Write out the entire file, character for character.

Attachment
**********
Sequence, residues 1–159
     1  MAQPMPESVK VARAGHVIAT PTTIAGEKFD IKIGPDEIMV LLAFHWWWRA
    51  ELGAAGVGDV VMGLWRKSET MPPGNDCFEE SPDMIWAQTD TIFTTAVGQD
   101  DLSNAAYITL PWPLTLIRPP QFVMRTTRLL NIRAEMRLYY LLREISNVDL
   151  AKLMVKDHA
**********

Sequence, residues 1–159
     1  MAQPMPESVK VARAGHVIAT PTTIAGEKFD IKIGPDEIMV LLAFHWWWRA
    51  ELGAAGVGDV VMGLWRKSET MPPGNDCFEE SPDMIWAQTD TIFTTAVGQD
   101  DLSNAAYITL PWPLTLIRPP QFVMRTTRLL NIRAEMRLYY LLREISNVDL
   151  AKLMVKDHA